Honors Music Festival draws nearly 160 DODDS-Europe students
April 16, 2014
OBERWESEL, Germany — Keyton Daniels is a member of a band that plays “metal-type” stuff.
But the 17-year-old Incirlik High School senior is thrilled to have the chance to sing tenor for a Brazilian folk song, a Carly Simon tune and a 19th-century German piece about a nightingale.
Daniels is one of nearly 160 students from Department of Defense Dependents Schools-Europe chosen to attend the annual Honors Music Festival. It brings together the top DODDS-Europe vocalists and instrumentalists, who for four days this week are immersed in intense rehearsals at the Oberwesel Youth Hostel.
Two guest conductors from the United States, with help from DODDS music teachers, are leading the instruction, which culminates in a public concert Thursday night in Wiesbaden.
Daniels — one of only four members of his tiny high school choir in Incirlik, Turkey — and other students say they enjoy the festival as much for the music as the chance to spend time with teens who share a love of music.
“It’s nice to be around people as weird as you are, as passionate about what you’re passionate about,” said Daniels, who is participating in his fourth festival. “We’re all musicians here. It doesn’t matter where you came from or what you’re into — we’re all united by music.”
Though the festival brings together students from 21 schools, Alyssa Binosa, 17, a junior percussionist from Kaiserslautern, said the group is “like a giant music family.”
“Here people are actually passionate about the music that they play,” she said. “Back in school, it’s just like ‘I need this for a fine arts credit or something,’ but here we actually like to play music.”
Almost 400 students tried out this year, said DODDS-Europe fine arts coordinator Hope Matthews. Auditions are blind, she said, with the nod going to the most talented musicians as determined by a selection committee.
Once chosen, students are provided the sheet music they’ll be singing or playing. They are expected to come prepared.
The fruits of that preparation were clear in chorus rehearsals, said AFNORTH senior soprano Madeleine Booth, a senior at AFNORTH in Brunssom, Netherlands. “Even on the first day, it sounds amazing,” she said. “Obviously, there are bits to polish. But … it already sounds so much better than anything I’ve been exposed to.”
On Tuesday, the choir, led by guest conductor Nicole Lamartine, who directs choral activities at the University of Wyoming, fine-tuned George Frideric Handel’s “Hallelujah Chorus” and Felix Mendelssohn’s “Die Nachtigall.”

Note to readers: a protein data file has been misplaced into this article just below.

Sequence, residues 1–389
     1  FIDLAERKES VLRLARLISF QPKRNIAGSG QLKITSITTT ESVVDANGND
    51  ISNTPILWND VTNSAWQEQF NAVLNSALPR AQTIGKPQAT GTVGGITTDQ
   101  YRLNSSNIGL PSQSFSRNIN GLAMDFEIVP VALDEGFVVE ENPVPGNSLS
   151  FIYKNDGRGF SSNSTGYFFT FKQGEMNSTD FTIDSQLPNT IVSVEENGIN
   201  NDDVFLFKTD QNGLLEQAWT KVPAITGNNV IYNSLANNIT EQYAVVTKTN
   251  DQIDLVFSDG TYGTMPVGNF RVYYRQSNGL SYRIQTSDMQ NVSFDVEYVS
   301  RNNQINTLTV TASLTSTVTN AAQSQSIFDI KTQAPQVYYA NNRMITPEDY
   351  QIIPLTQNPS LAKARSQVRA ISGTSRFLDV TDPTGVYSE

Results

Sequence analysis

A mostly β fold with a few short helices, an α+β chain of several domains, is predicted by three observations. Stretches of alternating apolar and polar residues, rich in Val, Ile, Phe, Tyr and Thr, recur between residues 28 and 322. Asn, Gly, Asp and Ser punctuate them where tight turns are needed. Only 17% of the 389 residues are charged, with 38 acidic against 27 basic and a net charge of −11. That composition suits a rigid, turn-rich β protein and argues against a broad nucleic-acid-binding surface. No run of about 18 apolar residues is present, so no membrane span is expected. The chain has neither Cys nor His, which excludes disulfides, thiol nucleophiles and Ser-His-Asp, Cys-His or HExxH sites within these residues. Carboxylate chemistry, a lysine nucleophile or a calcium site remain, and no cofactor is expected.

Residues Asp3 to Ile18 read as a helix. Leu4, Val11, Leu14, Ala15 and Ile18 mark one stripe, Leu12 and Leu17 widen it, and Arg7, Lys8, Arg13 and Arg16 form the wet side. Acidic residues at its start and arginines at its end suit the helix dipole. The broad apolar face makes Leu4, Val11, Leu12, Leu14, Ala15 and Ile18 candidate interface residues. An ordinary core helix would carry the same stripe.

“These students are very similar to the ones in Wyoming,” where most schools are small and geographically separated, Lamartine said. DODDS students “come from very small schools spread all over Europe, and this is their one chance to come together in a big, mixed chorus. It’s such a phenomenal experience for them because they don’t get to do this very often.”
While “hallelujahs” rung out from the choral room, the band initially struggled with the somber “Hymn for the Fallen.” They pulled it together after some firm nudging by guest conductor Cecil Wilder, a longtime trombonist and executive of Georgia State Music Educators Association.
“You have to do more than just play notes,” he implored, early into the band’s rendition of the song, which was composed for the movie “Saving Private Ryan.” “When we do that, the music just goes out the window” and is “going to fall flat, unless we buy into this piece from the first note to the last.”
The clarinetists had the tough task of playing fast — and quietly — as Wilder instructed, during the slow-tempo piece.
“It’s so hard not to be loud,” said Cherise Thomas, 15, a sophomore at Alconbury Middle/High School in England.
“We’re playing the lower notes, and if you don’t put enough air into the lower notes, then they won’t come out.”
But Wilder must have been pleased by what he heard. As the band continued to work through the piece, he said, “We’re getting better; we’re starting to get more serious about it.”
And, as Binosa ended the song with steady, fading beats on the snare drum, Wilder faltered in his conductor’s laser focus, losing himself for a moment in the music. “Folks, that was one of the nicest moments I’ve had since I’ve been here,” he said.
DODDS-Europe Honors Music Band and Chorus Concert Information
Admission to Thursday’s 7 p.m. concert at the Friedrich von Thiersch Saal of the Wiesbaden Kurhaus is free, but tickets are required for entry. Tickets may be picked up at the door on concert day starting at 4:30 p.m. The event will also be live-streamed at: www.doddshost.net